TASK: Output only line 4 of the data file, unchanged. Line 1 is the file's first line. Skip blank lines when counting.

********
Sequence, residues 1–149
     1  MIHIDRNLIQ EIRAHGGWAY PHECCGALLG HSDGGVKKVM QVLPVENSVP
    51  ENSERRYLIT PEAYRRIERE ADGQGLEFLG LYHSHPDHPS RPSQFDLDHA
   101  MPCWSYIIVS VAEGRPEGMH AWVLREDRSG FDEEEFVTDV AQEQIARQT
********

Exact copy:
   101  MPCWSYIIVS VAEGRPEGMH AWVLREDRSG FDEEEFVTDV AQEQIARQT